FERC Orders Hells Canyon Impact Studiesby Ken Dey
Idaho Statesman, July 3, 2004
Idaho Power 'disappointed' with final ruling
Idaho Power Co.'s efforts to avoid costly additional studies of the environmental impacts of its Hells Canyon dams were thwarted this week by the Federal Energy Regulatory Commission.
Environmentalist cheered the ruling by the FERC staff, while Idaho Power officials considered an appeal to the full commission.
In early May, FERC told Idaho Power that it must complete 14 new studies to be included in the company's relicensing application now pending before FERC. The relicensing would give Idaho Power the right to use the three Hells Canyon dams for hydropower generation for another 30 years.
The company had filed an objection to several of additional studies, claiming they weren't needed.
But the FERC staff dismissed those objections, saying they didn't agree with the company's argument that the project is not affecting downstream salmon migration or having any effects on temperature and dissolved gas levels.
"Our review of your license application indicates operation of the Hells Canyon Complex has the potential to affect downstream aquatic and terrestrial resources, including salmon, along with other environmental resources, primarily as a result of the project's regulation of approximately one million acre-feet of water annually," said J. Mark Robinson, the director for the Office of Energy Projects at FERC, in a June 29 letter to the company.
Idaho Power has filed an application with FERC to relicense its dams for an additional 30 years once the current 50 year license expires in 2005.
"Obviously we're disappointed (with the staff's response)," said Craig Jones, Idaho Power's Hells Canyon relicensing manager."We think we made some very good arguments, and right now what we're doing is evaluating that and seeing what our next steps are going to be."
Jones said he wasn't sure if the company would appeal the staff's decision to the full commission.
In early May FERC had ordered the company to enhance current studies or launch new studies related to the relicensing. The major issues FERC said needed more attention involved areas related to water quality, sediment and water temperature.
Idaho Power officials didn't object to all the additional requests, but they did object to requests for additional studies on flow restrictions and a request to study the feasibility of installing a device on Brownlee Dam to control the temperature of water discharged from the reservoir.
There's a widespread belief that the temperature of water leaving Brownlee Reservoir affects salmon spawning and growth. The commission said Idaho Power should consider technology that would provide cooler water in the summer and fall for the chinook spawning season and accelerate the warming of water in the spring to promote growth.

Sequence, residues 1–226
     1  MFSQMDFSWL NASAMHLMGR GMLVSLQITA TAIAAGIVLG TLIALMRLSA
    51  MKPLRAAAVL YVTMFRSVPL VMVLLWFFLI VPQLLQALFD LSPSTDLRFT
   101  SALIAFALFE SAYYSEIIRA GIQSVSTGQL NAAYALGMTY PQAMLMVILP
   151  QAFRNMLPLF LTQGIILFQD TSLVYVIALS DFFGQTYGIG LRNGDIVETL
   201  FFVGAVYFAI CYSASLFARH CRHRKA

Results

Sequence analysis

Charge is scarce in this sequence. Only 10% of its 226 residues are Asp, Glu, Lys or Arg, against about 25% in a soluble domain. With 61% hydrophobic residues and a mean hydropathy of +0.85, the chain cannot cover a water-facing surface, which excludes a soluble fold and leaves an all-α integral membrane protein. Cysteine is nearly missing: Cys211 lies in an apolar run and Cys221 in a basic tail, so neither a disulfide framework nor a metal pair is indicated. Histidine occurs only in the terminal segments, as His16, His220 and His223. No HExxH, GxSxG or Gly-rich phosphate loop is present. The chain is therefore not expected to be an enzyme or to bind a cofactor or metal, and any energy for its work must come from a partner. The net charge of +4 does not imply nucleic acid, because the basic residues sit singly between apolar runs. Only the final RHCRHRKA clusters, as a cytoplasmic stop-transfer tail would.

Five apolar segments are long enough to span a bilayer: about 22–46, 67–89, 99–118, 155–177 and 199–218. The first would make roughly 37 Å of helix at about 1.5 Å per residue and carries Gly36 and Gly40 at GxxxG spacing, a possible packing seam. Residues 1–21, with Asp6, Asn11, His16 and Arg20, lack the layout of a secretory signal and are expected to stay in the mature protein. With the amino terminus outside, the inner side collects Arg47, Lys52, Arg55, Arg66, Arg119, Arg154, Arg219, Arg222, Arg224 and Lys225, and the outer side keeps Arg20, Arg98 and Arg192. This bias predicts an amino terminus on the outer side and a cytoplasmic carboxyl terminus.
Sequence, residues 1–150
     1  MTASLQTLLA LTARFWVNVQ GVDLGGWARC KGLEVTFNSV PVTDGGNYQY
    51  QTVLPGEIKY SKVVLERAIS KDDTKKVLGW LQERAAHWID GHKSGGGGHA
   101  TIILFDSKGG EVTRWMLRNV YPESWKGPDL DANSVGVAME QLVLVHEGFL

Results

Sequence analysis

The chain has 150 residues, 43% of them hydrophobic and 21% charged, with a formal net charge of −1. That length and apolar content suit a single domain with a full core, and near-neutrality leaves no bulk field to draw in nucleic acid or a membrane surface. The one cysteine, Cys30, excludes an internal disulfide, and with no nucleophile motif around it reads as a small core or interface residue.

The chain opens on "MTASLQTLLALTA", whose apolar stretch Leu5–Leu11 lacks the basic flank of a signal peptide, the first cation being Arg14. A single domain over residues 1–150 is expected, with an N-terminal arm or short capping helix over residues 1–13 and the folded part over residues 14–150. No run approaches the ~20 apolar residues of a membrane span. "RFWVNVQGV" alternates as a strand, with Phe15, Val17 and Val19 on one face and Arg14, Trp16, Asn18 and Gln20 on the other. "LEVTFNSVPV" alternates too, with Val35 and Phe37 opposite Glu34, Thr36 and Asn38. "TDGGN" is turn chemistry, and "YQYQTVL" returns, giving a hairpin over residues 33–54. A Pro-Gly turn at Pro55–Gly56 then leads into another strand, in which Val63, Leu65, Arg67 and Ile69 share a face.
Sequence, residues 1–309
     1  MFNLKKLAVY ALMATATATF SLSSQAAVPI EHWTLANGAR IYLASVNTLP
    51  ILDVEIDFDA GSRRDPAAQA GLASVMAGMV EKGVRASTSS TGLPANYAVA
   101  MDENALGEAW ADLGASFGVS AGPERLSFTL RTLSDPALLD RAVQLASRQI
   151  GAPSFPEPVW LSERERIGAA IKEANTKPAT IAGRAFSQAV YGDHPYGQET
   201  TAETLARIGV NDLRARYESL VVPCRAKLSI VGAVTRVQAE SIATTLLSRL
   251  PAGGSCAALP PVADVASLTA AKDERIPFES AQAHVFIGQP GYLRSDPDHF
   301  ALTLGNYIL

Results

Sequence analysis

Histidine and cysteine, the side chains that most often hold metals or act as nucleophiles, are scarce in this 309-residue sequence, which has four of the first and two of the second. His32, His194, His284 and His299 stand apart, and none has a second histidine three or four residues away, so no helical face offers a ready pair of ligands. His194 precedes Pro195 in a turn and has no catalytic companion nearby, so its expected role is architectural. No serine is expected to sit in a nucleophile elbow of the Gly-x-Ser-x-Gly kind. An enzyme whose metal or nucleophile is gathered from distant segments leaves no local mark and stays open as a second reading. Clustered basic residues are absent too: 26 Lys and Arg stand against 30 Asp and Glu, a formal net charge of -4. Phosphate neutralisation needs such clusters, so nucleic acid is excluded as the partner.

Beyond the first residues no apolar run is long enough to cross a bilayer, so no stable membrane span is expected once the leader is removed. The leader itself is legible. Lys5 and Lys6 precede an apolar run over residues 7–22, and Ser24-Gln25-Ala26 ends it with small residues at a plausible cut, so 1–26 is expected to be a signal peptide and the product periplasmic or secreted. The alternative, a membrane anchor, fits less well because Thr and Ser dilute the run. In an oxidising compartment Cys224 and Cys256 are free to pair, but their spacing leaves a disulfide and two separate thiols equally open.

"These types of studies are pretty intensive and expensive studies to do," Jones said. "We're all for providing the relative information, but we believe what we've already included (in the license application) provides a basis for a decision on the license. And we don't think this (additional information) will add to the decision-making process."
Jones said Idaho Power continues to believe that the additional studies aren't warranted because they're asking the company to explore scenarios to mitigate for problems that are being caused by the four federally owned lower Snake River dams and not by the Hells Canyon dams.
The four federal Snake River dams have been the subject of criticism from some conservation groups who for years have advocated their removal to improve habitat for native fish.
Most conservation groups, however, still contend that the Hells Canyon dams do have a major impact on salmon.
"Obviously we were pleased that FERC held fast on its requests for more information," said Sara Eddie, an attorney representing Idaho Rivers United. "But the additional information requests are a bare minimum of what Idaho Power should be coming up with."
Eddie said FERC still hasn't responded to a request by Idaho Rivers United, American Rivers and Save Our Wild Salmon to require Idaho Power Co. to do additional studies on fish passage.
FERC didn't require additional fish passage studies, saying they believed the company had already provided "sufficient" information in its application to evaluate reasonable fish passage alternatives and restoration strategies.
On Thursday, the Nez Perce Tribe joined the conservation groups in calling for additional fish passage studies.
In a letter sent to FERC, the tribe said if salmon are to be restored to harvestable levels, a range of fish passage options must be evaluated.
BPA will pay Idaho Power $4 million to release 100,000 acre feet of water from Brownlee Reservoir in July instead of August.
Agencies Deliver Final Summer Spill Plan to NOAA by Mike O'Bryant, Columbia Basin Bulletin, 6/25/4
FERC Must Respond to Hells Canyon Dam Petition by Ken Dey, Idaho Statesman, 6/23/4 ID Power Execs Reassigned Due to Resignation by Ken Dey, Idaho Statesman, 6/22/4
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